I’d like to ask the question, “Who says I’m opting out?” To outside
observers, I may have looked like “just another stay-at-home mom”
dressed for a day in the park, pushing a toddler in a stroller, but I
came to think of myself as a secret agent on a mission of reinvention.
This opportunity was a precious gift, one that offered me the freedom
to make radical changes in my sense of who I was, professionally and
personally. Many people, men in particular, never feel that they have
the opportunity to reinvent themselves in this way, but the transition
to motherhood virtually guarantees that you will reevaluate your core
self. Time off from your former job may allow you to reshape a career
that was not satisfying you, start a new venture, or rekindle
…I love the
idea of being a secret agent because it takes away the pressure of
worrying how others are judging you for taking time off. Being a secret
agent gives you the freedom to observe your new life as a mom and take
stock of your interests. I recommend that you take a lifelong view of
your career path and take steps that will help you remain competitive
if and when you decide to go back to work. Even if this day doesn’t
arrive for many years, you can keep your skills sharp in the meantime.
Here are three ideas to help you develop your future plans on your own
• Get creative. Playing with your kids can open you up to
new creative pathways. Look for ways to express yourself. Art is not
just for kids. Motherhood can be a catalyst for rediscovering our
creative selves. When I was writing Mojo Mom, the book that inspired me
most was The Artist’s Way by Julia Cameron.
professional—even one day a month. Even when you are not employed, find
a way to stay in touch with your professional persona. This will
maintain your professional image in the eyes of the community, and even
more importantly, keep this important aspect of your self alive in your
own mind. …
• Develop an
entrepreneurial spirit. Many women find that after they have children,
the idea of creating their own business so that they can work on their
own terms becomes very appealing. Women-owned businesses are growing at
double the rate of male-owned businesses. A new study from the United Kingdom
showed that women over age 40 are more likely than all other age
brackets to start their own businesses. Even more interestingly, just
3% of those women over age 45 who currently run their own businesses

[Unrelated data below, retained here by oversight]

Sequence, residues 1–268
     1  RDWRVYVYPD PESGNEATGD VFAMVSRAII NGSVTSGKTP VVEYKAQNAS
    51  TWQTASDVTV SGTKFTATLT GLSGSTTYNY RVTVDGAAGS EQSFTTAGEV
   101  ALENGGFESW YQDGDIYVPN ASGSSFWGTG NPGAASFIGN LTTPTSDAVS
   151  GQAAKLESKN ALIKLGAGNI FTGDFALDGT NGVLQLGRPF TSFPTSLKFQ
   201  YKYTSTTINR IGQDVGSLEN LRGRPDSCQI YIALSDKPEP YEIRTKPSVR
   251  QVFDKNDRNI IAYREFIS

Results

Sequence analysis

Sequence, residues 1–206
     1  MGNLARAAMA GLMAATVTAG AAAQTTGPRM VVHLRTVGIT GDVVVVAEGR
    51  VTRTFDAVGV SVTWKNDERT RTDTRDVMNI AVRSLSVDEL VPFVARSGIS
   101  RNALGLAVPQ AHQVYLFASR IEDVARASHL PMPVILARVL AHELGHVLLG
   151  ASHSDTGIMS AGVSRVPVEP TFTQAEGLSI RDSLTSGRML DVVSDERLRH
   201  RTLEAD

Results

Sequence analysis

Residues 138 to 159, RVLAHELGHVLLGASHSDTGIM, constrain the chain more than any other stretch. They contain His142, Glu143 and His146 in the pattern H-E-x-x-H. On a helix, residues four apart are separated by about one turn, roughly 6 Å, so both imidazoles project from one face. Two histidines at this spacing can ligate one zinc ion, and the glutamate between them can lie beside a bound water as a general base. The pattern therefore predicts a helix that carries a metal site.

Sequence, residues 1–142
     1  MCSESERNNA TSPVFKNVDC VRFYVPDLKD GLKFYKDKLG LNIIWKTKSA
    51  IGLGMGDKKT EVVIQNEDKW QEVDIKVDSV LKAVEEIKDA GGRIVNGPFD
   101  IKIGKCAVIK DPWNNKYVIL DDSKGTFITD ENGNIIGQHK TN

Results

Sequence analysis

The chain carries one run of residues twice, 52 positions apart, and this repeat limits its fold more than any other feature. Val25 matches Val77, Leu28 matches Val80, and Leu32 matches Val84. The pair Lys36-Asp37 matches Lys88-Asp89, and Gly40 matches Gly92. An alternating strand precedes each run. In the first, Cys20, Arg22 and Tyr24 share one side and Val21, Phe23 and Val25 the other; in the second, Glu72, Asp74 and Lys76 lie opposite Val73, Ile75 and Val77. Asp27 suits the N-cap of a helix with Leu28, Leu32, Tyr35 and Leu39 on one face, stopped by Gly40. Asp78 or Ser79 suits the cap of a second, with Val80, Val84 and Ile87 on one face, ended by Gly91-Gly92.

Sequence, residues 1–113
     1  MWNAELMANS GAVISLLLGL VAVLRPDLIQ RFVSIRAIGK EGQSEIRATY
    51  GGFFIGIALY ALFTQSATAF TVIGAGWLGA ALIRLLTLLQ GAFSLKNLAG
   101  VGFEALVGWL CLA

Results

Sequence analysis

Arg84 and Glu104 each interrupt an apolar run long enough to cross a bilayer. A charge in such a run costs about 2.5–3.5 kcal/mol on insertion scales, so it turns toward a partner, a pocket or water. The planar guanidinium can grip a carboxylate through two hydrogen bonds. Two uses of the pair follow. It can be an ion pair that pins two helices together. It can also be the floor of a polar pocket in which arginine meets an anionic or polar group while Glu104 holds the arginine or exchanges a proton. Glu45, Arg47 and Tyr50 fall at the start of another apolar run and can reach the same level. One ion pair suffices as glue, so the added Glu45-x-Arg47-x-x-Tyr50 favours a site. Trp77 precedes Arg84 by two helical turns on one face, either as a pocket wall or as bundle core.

admitted they had considered starting their own company when they were
younger… When I speak to
college-age women I emphasize that entrepreneurial skills can help
bridge the conflicts between family life and traditional career paths.
Whatever your field of interest, if you can create a plan that allows
you to strike out on your own, your career future will remain in your
The greatest gift I have learned from being a secret
agent is that no life experience is ever wasted. I am open to using
everything I see, hear, or learn as an inspiration for my work. I no
longer let others limit my career path or define the worthiness of my
work as a mother or a writer. When you are a secret agent, you’ll have
the confidence that comes from knowing that even if the rest of the
world doesn’t always realize how amazing you are, you can move through
life armed with the confidence that your plans will succeed on your own
terms. [bold emphasis mine]
MojoMom, I think you have the right of it. The time we take off to be with our babies is soo very precious, even though it is often accompanied by financial pressures due to loss of your income for the duration. And by definition you are in a hugely creative phase, after all you’ve just made another human being – I think that is the pinnacle of creative!
So rather than see yourself as the ‘Mum’ who is no longer earning an income and spends her days with this little being who demands so so much of you – why not turn that around and become a secret agent women, out there in disguise looking for all the options.
Remember you ARE amazing – go forth with confidence!
From my own experience – returning to your former job after your maternity leave expires can be great, but it can also be a cop out. It may seem a lot easier to go back to a company and a job you know, rather than follow your dreams. Yes, it’s safe. But is it what you want now you are a Mum?
Why not take the opportunity while you have it?
How could you reinvent yourself to fit the new, creative, inspired, wonderful you?